Kodak's long-awaited "new" Super 8 film camera finally reaches production
Almost seven years ago, Kodak announced that it would soon be offering a digitally enabled movie camera that shot on good ol' analog Super 8-mm film. Well, it's taken a while, but prospective buyers can now reserve a Kodak Super 8 Camera of their very own.
A prototype version of the aluminum-bodied camera was first unveiled at CES back in January of 2016. At the time, it was touted as being Kodak's first new Super 8 camera in over 30 years. The company stated that it would likely be available by the end of the year … which turned out not to be the case.
"Initial announcement of the Kodak Super 8 Camera garnered even more interest and excitement than anticipated, requiring a pivot to identify the right development and manufacturing partners to scale the camera," Eastman Kodak's Director of Worldwide Communications, Kurt Jaeckel, told us.
"Then, amidst the global pandemic, Kodak had to pause the camera program. Kodak has remained committed to delivering a new camera to our dedicated customers, ultimately bringing its manufacture in-house."
The resulting commercial version of the camera is much like the prototype, in that it records on traditional-style cartridges that each hold 50 ft (15 m) of celluloid analog film – enough for about three minutes of footage – but it also features a new-fangled flip-out touchscreen LCD viewfinder. Besides being utilized to line up shots, that 4-inch screen also allows users to overlay different aspect ratios, view integrated light meter readings, adjust camera settings via onscreen menus, and monitor audio levels.
Speaking of which, audio is recorded separately on a user-supplied SD card, via a third-party hard-wired external microphone. Once the film footage has been processed and converted to digital video format, it can be synced with the audio in the editing process.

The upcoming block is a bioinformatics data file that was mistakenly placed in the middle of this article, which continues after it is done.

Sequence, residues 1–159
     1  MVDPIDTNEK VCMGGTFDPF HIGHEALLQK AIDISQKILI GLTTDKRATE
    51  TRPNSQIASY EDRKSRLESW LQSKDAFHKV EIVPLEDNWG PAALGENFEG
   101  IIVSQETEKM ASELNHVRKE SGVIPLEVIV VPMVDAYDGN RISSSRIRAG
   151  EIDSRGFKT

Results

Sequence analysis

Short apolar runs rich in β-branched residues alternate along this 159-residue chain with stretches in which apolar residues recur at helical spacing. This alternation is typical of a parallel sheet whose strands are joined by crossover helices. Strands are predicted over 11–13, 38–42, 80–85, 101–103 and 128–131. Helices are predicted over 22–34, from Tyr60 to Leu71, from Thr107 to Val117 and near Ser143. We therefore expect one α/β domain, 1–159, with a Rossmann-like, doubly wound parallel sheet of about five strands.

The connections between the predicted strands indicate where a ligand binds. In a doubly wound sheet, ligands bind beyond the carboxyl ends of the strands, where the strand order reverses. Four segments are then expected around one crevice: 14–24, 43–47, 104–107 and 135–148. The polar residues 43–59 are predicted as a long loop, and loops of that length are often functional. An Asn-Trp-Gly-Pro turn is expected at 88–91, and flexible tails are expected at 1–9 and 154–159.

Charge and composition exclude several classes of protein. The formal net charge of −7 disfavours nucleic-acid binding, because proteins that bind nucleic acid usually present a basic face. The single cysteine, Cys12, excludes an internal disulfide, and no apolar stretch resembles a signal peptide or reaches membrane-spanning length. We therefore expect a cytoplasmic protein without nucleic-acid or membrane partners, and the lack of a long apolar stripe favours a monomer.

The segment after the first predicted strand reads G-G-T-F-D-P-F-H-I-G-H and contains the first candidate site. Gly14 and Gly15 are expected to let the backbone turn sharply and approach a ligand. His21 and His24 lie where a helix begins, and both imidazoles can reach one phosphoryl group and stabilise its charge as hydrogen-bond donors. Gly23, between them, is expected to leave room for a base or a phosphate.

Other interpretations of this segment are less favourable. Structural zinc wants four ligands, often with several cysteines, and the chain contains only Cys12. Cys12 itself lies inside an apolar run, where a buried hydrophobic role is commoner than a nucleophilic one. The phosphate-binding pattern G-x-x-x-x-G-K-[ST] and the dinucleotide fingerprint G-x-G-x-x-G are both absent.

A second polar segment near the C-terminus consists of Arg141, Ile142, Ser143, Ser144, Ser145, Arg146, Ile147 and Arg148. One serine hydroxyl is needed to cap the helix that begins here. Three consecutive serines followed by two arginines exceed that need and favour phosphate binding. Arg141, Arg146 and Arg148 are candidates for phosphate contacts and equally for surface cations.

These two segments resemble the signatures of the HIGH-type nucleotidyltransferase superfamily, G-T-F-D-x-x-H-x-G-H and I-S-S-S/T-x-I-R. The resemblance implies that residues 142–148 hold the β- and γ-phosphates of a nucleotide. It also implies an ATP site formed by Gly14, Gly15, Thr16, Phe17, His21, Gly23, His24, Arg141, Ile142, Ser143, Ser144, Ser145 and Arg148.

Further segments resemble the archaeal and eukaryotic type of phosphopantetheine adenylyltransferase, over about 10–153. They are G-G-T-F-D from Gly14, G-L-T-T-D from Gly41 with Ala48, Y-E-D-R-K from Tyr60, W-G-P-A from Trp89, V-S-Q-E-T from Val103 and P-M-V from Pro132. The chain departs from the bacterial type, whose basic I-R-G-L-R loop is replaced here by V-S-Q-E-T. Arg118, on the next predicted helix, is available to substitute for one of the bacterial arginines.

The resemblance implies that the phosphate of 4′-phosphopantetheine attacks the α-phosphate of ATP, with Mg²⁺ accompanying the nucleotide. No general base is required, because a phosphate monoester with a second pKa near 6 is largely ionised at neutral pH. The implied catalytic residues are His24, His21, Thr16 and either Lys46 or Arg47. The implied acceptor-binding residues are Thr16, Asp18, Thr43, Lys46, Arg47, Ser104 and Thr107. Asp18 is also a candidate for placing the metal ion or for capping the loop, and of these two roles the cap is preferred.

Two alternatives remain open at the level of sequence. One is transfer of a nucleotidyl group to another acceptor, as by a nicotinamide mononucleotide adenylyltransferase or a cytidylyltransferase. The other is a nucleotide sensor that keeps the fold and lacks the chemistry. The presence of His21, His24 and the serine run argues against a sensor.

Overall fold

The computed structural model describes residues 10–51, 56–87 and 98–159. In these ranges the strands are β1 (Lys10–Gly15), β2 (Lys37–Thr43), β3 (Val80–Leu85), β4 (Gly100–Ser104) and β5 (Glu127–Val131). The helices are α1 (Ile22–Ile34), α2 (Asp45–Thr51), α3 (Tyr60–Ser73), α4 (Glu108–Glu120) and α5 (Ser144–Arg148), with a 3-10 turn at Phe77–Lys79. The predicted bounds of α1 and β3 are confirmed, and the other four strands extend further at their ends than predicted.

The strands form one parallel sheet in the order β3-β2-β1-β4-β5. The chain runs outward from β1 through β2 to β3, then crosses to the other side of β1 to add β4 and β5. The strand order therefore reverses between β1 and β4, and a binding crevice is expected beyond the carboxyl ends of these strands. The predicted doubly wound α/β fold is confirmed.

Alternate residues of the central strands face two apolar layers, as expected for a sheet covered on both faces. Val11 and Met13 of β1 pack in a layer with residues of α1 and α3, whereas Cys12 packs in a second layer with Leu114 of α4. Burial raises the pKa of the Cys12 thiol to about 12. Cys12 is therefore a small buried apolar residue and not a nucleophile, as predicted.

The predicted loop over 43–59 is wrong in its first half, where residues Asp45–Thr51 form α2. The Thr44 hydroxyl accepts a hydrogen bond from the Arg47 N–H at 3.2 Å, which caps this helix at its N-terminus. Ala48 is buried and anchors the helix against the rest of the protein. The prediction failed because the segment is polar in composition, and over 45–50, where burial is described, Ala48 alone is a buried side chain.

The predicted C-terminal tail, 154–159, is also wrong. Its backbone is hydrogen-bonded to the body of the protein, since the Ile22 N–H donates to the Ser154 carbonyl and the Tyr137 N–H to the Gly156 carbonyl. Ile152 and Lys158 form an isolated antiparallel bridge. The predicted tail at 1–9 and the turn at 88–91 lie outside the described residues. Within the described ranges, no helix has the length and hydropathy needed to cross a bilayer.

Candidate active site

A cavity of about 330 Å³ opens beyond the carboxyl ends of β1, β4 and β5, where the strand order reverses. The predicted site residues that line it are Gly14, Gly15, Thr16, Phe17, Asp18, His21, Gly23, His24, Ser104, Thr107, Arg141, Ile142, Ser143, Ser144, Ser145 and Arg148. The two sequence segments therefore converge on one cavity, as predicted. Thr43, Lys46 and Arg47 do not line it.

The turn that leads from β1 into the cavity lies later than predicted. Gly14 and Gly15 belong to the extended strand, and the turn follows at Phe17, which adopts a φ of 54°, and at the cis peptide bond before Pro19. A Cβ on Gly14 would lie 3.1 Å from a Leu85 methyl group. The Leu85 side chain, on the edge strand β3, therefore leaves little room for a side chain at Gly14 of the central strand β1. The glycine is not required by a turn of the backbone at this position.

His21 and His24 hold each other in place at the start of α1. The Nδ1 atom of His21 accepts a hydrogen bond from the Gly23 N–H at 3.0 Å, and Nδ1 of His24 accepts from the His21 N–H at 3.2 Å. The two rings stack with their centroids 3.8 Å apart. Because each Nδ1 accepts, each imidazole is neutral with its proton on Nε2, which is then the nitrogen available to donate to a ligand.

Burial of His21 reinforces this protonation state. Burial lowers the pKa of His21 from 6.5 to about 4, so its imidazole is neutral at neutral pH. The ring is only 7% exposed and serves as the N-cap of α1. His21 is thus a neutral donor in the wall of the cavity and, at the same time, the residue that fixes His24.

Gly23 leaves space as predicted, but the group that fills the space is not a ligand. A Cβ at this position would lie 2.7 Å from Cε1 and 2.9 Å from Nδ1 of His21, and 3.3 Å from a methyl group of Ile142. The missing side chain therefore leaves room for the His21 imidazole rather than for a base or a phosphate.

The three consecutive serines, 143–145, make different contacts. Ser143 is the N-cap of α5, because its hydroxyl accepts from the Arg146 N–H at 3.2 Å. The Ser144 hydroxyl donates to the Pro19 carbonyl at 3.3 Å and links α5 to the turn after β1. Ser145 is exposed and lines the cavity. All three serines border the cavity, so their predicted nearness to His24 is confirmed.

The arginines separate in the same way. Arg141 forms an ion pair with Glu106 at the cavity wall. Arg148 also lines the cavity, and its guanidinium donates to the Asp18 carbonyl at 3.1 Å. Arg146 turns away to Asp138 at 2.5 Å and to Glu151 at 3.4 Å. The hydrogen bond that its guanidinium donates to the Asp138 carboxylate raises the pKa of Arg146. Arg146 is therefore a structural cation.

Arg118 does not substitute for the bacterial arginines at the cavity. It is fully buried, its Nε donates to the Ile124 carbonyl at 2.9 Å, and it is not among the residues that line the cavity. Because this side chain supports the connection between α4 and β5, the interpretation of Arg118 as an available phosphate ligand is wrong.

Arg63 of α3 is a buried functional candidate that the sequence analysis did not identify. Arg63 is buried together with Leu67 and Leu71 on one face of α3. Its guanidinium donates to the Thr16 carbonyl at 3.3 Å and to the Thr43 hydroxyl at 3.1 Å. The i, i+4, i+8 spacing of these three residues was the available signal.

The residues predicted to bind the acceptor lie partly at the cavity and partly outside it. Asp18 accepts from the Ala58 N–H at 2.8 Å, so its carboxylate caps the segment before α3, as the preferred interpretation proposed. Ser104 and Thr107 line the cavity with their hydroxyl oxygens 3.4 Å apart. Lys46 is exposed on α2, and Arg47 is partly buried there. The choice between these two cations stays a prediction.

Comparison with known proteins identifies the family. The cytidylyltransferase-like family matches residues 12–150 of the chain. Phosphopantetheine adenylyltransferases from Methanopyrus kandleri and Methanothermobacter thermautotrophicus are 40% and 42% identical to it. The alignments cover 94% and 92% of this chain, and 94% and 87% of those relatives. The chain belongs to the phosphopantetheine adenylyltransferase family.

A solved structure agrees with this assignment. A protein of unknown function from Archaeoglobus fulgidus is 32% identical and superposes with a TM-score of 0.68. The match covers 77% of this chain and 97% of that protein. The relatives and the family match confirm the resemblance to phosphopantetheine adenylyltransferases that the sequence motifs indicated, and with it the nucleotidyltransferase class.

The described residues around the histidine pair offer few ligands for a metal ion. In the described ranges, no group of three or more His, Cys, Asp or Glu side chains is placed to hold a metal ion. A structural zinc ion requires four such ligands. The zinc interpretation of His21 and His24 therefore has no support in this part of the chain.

Included with the Super 8 Camera is a detachable wide-angle 6-mm 1:1.2 C-mount lens – other C-mount lenses can be swapped in as desired.
As an added bonus, the camera's extended film gate allows for a frame that is 11% larger than those of old-school Super 8 cameras. This means that users can choose to shoot at a 16:9 aspect ratio, so their shots will be the same size as those recorded by modern HD digital video cameras. And thanks to an onboard HDMI port, shots can be viewed on a connected monitor – along with on the LCD viewfinder.
One big thing that has changed since 2016 is pricing. Whereas the camera was originally planned to sell for about US$1,000 (with a lower-priced $400 to $700 version to follow), it will now set you back $5,495. That price does include a foam-padded Pelican carrying case, a detachable pistol grip with a trigger, and one cartridge of Kodak Tri-X black and white reversal film.
Should you still be interested, you can reserve a package for yourself via the product website. A report on The Verge states that the camera should go on sale in the US – in limited quantities – as of Dec. 4th.
You can see footage shot with the Kodak Super 8 Camera, in the video below.